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ORIGINAL ARTICLE
Year : 2013  |  Volume : 54  |  Issue : 1  |  Page : 45-50

Barriers to postnatal care and exclusive breastfeeding among urbanwomen in southeastern Nigeria


1 Department of Obstetrics and Gynaecology, College of Health Sciences, Nnamdi Azikiwe University, Nnewi, Anambra State, Nigeria
2 Nnamdi Azikiwe University Teaching Hospital, Nnewi, Anambra State, Nigeria
3 Department of Family Medicine, Nnamdi Azikiwe University Teaching Hospital, Nnewi, Anambra state, Nigeria

Correspondence Address:
Joseph O Ugboaja
Department of Obstetrics and Gynaecology, Nnamdi Azikiwe University Teaching Hospital, PMB 5025, Nnewi
Nigeria
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Source of Support: None, Conflict of Interest: None


DOI: 10.4103/0300-1652.108895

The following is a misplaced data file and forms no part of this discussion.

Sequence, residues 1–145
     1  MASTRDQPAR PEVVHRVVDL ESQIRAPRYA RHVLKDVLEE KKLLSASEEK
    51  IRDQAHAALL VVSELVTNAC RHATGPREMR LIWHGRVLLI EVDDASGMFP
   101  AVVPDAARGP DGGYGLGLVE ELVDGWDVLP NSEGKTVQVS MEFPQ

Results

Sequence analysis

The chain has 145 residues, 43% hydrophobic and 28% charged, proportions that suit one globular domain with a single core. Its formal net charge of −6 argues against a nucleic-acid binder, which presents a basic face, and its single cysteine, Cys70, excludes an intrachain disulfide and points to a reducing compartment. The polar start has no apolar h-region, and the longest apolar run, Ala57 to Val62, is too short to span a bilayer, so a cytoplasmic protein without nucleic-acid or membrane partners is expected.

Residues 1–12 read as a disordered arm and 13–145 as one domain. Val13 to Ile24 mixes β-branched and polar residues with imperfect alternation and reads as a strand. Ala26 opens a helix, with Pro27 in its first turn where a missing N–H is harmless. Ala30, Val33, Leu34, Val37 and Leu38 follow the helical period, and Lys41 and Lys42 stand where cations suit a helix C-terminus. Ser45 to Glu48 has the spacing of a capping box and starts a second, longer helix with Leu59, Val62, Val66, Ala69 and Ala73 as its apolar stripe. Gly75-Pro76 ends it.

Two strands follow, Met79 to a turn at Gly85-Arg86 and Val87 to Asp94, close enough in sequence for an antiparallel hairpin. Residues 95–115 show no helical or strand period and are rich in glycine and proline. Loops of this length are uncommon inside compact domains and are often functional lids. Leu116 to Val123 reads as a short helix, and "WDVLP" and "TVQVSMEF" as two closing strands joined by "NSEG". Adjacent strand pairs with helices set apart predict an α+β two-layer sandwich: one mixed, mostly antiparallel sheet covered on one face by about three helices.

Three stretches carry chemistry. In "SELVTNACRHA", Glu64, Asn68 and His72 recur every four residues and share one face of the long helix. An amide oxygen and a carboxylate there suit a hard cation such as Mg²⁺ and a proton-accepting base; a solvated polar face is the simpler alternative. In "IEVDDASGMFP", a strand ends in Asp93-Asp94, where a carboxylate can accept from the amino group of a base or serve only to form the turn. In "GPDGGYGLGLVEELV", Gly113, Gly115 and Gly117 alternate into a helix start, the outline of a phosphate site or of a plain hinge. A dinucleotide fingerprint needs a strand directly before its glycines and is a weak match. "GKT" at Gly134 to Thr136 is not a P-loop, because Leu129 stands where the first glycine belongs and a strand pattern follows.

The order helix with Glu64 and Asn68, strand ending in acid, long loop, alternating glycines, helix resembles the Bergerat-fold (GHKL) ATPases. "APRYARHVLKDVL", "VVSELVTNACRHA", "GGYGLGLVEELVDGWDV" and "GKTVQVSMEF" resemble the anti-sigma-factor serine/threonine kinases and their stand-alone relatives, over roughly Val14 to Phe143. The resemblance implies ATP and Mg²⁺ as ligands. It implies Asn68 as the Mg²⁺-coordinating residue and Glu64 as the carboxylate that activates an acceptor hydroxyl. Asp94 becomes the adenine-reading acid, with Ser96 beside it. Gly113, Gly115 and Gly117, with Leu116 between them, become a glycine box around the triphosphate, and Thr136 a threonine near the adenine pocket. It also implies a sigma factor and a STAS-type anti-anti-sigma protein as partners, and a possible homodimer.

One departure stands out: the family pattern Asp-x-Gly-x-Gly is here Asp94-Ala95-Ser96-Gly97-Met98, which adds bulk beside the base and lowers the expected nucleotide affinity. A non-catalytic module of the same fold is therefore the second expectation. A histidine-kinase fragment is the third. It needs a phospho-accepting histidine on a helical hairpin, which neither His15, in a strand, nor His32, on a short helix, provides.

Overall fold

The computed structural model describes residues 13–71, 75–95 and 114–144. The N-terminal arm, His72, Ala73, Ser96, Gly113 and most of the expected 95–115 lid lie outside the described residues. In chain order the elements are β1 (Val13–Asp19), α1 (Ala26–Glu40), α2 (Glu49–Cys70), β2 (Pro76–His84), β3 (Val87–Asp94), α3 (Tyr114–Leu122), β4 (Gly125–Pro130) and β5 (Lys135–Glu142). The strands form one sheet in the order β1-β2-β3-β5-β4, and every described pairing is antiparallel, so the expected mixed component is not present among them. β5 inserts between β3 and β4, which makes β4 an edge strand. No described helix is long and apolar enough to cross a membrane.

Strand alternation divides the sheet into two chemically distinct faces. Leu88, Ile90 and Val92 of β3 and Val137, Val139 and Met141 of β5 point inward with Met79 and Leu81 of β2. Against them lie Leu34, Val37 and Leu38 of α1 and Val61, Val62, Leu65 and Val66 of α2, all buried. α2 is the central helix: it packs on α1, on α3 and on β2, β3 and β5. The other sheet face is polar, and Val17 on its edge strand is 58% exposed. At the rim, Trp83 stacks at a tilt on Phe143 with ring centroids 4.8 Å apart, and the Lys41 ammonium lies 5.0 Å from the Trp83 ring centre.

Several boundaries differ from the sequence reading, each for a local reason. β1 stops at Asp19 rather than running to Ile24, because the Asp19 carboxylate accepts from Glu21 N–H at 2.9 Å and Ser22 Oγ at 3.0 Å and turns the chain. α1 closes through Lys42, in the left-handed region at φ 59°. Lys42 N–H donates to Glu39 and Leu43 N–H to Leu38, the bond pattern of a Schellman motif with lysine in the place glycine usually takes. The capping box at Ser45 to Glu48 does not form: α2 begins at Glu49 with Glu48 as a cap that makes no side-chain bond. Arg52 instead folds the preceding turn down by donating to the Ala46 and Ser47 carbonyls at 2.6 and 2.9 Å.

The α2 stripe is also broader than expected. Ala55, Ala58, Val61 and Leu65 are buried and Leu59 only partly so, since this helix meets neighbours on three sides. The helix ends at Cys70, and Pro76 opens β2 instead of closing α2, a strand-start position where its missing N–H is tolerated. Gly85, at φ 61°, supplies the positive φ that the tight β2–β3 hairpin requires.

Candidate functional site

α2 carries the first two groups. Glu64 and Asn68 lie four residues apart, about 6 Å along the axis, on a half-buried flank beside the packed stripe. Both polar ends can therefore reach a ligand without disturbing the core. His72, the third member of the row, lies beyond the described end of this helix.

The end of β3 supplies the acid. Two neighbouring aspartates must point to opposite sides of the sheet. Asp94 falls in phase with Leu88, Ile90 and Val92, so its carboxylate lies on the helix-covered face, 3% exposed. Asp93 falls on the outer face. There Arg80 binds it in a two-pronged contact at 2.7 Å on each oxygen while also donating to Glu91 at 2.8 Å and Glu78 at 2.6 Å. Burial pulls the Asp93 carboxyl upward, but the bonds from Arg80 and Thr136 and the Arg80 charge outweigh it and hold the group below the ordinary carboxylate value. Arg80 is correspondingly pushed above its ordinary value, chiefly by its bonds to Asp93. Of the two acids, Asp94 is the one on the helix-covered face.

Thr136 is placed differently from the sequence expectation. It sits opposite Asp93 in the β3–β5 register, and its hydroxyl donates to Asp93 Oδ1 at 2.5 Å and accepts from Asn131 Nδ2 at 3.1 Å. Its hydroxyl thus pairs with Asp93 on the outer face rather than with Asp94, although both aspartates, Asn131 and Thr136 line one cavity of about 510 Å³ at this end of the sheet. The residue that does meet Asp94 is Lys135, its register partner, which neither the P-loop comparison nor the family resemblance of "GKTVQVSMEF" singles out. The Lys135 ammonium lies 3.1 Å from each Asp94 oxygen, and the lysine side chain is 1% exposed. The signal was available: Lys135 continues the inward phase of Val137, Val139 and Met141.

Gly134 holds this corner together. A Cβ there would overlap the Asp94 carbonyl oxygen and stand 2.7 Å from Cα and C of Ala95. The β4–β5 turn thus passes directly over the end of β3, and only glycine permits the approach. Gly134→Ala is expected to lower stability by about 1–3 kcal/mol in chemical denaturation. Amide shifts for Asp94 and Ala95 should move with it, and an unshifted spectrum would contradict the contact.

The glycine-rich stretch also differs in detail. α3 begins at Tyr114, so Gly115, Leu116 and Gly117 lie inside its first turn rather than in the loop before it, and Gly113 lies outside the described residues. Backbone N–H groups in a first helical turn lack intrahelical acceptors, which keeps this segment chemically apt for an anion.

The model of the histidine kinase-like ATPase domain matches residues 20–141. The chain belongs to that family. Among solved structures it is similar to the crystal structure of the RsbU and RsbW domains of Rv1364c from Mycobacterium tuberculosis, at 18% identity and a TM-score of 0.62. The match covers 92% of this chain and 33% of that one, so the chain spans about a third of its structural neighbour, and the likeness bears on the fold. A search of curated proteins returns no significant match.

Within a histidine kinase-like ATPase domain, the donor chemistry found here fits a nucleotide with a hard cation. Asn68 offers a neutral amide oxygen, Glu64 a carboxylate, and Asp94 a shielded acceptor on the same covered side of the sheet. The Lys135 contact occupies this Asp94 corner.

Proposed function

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Background: Available evidence shows that only a small proportion of Nigerian women access postnatal care and practice exclusive breastfeeding. Given that both interventions are critical to the survival of both the mother and the new born, it is important to identify factors that militate against an effective postnatal care and exclusive breastfeeding in the country, in order to scale up services. The aim was to determine the major barriers to postnatal care and exclusive breastfeeding among urban women in southeastern Nigeria. Materials and Methods: A cross-sectional survey of 400 urban market women using semistructured questionnaires and focus group discussions. Results: Out of 400 women interviewed, 365 (91.7%) attended postnatal clinic. Lack of knowledge about postnatal care services (42.2%; n = 14), distant location of the hospitals (36.4%; n = 12) and feeling that postnatal visits was not necessary (21.1%; n = 7) were the main reasons for non-attendance to postnatal clinic. With respect to exclusive breastfeeding, 143 (35.9%) of the women practiced EBF. The main reasons for nonpractice of EBF were that EBF was very stressful (26.2%; n = 67), mother's refusal (23.5%; n = 60), and the feeling that EBF was not necessary (18.1%; n = 46). Thirty five (13.7%) of the women were constrained by time while the husband's refusal accounted for 1.5% (n = 3) of the reasons for nonpractice of exclusive breastfeeding. Conclusion: Poor knowledge and inaccessibility to health facilities were the main obstacles to postnatal care while the practice of exclusive breastfeeding was limited by the stress and mothers refusal.


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